Photo/IllutrationMovie-goers enjoy a different 4-D experience with special goggles and seats. (Asahi Shimbun file photo)

  • Photo/Illustraion
  • Photo/Illustraion

In an era when movies can be viewed on smartphones, it sounds like a bad plot for multiplex operators to even consider raising ticket prices.

But that is what awaits many movie-goers at the box office from June 1, when general admission prices will rise from 1,800 yen ($16.50) to 1,900 yen.

The price increase among some of the chains will mark the first in 26 years.

However, chain operators are betting that the high-quality movie viewing experience they provide will not result in a drop in audience numbers.

"Just because it is a time when videos can be viewed in the palm of one's hands, there has been an increase in customers going to theaters because they want to see movies on large screens and with great sound quality," a movie industry source said.

In explaining why the ticket prices were being raised, officials of the multiplex chains pointed to increasing expenses, such as personnel and capital investment costs.

Shinichiro Kondo, who heads the marketing department at Toho Cinemas Ltd., explained that capital investment can range from construction costs for new multiplexes, expenses related to anti-quake measures, and installing screens and equipment to offer movies in 4-D and the IMAX screens that often take up almost the entire wall of a structure.

Toho Cinemas, which operates 66 multiplexes around Japan, will raise general admission prices by 100 yen, along with other discount tickets it offers to senior citizens, couples and women on certain days.

After Toho Cinemas announced the price hike in March, Tokyu Recreation Co., which operates 18 multiplexes, including the 109 Cinemas, also announced similar price increases.

But other multiplex chains were limiting their price hikes to discount tickets or to only a few complexes in central Tokyo.

While there are still theaters in smaller regional cities where movies can be seen for less than 1,800 yen, that price became an industry standard in 1993.

Movie distribution companies decided on the price hike then to make up for lost revenue brought about by declining audience numbers due mainly to the popularity of TV. That was the year when the number of movie screens in Japan hit a record low.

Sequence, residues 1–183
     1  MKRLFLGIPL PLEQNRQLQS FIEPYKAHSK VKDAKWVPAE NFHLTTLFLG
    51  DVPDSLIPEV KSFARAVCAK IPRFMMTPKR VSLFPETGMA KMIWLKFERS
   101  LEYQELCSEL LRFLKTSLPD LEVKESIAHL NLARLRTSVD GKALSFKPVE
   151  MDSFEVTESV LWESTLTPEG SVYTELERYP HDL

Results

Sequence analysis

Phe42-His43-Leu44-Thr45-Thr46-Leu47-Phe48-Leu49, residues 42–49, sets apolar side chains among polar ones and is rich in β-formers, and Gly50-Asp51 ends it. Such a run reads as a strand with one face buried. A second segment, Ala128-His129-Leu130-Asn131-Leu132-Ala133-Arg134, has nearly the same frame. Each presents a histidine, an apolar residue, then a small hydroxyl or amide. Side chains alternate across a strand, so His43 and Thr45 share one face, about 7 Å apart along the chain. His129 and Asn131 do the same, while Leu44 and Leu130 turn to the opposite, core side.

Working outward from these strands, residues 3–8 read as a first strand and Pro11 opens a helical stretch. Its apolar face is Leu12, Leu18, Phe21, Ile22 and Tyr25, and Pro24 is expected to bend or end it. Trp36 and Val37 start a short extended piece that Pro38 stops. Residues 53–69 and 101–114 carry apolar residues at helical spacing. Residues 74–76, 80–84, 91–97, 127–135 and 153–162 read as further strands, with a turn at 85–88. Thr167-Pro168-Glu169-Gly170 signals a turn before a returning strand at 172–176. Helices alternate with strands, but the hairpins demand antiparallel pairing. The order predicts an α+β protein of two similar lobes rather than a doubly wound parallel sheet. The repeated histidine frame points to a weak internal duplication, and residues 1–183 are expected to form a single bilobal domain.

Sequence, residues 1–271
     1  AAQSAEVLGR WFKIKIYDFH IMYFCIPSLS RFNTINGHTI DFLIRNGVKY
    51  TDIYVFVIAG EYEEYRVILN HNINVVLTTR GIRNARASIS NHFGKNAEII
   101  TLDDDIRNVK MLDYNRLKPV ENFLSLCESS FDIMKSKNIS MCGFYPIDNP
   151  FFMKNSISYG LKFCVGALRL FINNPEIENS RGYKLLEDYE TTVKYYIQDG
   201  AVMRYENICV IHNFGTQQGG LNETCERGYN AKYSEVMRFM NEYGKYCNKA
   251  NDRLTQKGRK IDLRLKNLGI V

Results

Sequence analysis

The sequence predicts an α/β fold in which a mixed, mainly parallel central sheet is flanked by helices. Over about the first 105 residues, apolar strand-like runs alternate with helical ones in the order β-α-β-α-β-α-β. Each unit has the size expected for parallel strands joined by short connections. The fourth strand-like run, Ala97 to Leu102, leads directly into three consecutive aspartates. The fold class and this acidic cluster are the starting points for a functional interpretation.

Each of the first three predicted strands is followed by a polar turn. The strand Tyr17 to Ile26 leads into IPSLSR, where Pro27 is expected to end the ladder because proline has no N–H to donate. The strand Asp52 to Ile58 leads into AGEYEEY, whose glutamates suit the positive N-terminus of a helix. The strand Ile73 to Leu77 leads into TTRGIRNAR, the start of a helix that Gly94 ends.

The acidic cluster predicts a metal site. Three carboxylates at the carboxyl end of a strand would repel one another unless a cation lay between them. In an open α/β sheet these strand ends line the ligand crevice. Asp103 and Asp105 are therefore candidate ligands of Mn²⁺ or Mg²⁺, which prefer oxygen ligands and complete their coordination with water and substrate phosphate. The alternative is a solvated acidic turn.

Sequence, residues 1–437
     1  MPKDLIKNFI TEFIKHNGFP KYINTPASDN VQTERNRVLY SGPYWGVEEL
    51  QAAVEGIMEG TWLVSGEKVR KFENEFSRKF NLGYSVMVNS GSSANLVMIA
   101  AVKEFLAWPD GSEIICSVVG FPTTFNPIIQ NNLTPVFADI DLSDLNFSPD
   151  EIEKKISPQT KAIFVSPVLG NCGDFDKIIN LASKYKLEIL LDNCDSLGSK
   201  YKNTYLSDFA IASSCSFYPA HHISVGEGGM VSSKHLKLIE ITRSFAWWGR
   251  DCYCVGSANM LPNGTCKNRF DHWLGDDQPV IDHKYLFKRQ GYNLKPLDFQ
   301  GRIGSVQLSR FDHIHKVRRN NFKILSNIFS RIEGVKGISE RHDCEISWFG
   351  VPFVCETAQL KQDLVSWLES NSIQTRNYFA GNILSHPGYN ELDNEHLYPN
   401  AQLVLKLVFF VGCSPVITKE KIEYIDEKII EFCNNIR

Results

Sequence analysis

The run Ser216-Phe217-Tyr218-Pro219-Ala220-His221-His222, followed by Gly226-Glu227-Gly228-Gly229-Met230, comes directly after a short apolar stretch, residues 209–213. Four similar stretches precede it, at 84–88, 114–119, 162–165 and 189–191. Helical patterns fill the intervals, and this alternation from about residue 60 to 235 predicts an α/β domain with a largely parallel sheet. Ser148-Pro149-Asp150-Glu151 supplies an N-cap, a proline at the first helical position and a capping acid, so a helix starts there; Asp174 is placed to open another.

But 1993 was also the year that the multiplex concept with multiple screens developed in the United States first began appearing in Japan. That led to a steady increase in movie-goers.

After falling to about 119.6 million movie viewers in 1996, the number has been steadily increasing and reached 169.2 million in 2018. With audience figures returning to levels not seen since the 1970s, many multiplex operators were able to keep ticket prices at the same level for a quarter-century. Now multiplexes account for about 88 percent of all movie screens in Japan.

But not all have gone ahead with the price hike.

The largest chain operator, Aeon Entertainment Co., has 91 facilities around the nation, but it will not raise ticket prices, along with United Cinemas Co., which operates 41 complexes.

"Many of our multiplexes are located in shopping malls, and many of our customers take in movies while also shopping," said an official with Aeon Entertainment. "Because 100 yen is a large sum for consumers trying to find the cheapest bargains while shopping, we first want to analyze the trends at our rivals."

Movie journalist Hiroo Otaka welcomed the diverse paths taken by the multiplex chains over ticket pricing.

"In locations where there are a number of multiplexes, ticket prices may differ for the same movie," he said. "With the different prices, there is the possibility of competition arising to provide a higher quality of movie-going experience."